The SPC has been devised to compensate for the time lost by virtue of regulatory procedures imposed on the manufacture and sale of such products. On the other hand, an SPC normally has a lifetime of five years, and this may be extended to at most five and a half years depending on the applicable approval process for the market entry of clinical data compiled where human medicinal products are concerned. The certificate takes effect at the end of the lawful term of the basic patent. [ 5 ]
4. Exploitation of a supplementary protection certificate
The supplementary protection certificate is accepted by all European Union member states under the relevant Regulation. However, as it has no unified effect, application must be made for a certificate on a national basis. The rights granted under an SPC are subject to the same limitations and obligations as applied to the basic patent. An SPC will therefore be subject to licences of right if the patent would have been subject to such a licence prior to its expiry. [ 6 ]
There exist mechanisms with regard to SPCs in all European Union member states. However, separate application needs to be made in each country. An SPC is valid only in the country in which it is obtained.
5. CJEU decisions
The CJEU[ 7 ] takes important decisions on the interpretation of Regulation No. 469/2009. In practice there are problems in establishing what is meant by the terms "product", "active ingredient" and "combination of active ingredients". The CJEU, in its interpretation of the term "product", has consistently defined this as "active substance or active ingredient".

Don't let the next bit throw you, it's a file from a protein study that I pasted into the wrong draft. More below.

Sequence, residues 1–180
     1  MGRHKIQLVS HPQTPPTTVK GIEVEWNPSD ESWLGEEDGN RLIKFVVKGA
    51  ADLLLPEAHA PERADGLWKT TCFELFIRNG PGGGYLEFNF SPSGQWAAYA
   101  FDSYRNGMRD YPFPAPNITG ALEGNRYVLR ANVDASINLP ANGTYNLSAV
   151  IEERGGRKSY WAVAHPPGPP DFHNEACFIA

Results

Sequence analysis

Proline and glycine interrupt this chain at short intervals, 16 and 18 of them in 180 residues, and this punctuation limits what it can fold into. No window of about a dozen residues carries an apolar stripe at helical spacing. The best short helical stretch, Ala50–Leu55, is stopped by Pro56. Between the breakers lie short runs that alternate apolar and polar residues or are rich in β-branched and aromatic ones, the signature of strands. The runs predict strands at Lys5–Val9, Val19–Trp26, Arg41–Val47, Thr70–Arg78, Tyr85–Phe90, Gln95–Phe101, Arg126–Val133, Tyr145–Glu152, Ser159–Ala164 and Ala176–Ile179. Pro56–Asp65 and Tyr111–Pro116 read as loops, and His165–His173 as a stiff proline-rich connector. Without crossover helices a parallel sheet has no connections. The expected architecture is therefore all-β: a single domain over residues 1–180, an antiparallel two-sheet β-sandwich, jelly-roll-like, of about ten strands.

Certain decisions assume importance for SPC strategy. In the Eli Lilly v HGS decision, the court refrained from a broad interpretation in the matter of protection under a valid basic patent. A product may be defined specifically enough such that the claims are in functional terms. In Actavis v Sanofi and Georgetown II, on the other hand, it was stated that it is possible for a separate SPC to be obtained for each basic patent. The court has also, in these decisions, made assessments regarding the duration of SPCs. The court has established a new criterion for the issuing of SPCs: if the SPC is inconsistent with the purpose of Regulation No. 469/2009, it can be refused.
V. Patent exploitation and the supplementary protection remedy in Turkey
Within the pharmaceutical sector's competitive research environment, leaving aside the difficulty in obtaining a patent, the administrative problems in ensuring that a patent effectively serves its holder's interests make SPCs necessary. At the same time, according to the Competition Authority's latest reports, it takes an average of seven months for generic medicines to enter the market in Turkey once the patent protection period expires. This period can be as short as four months in the case of commercially successful medicines.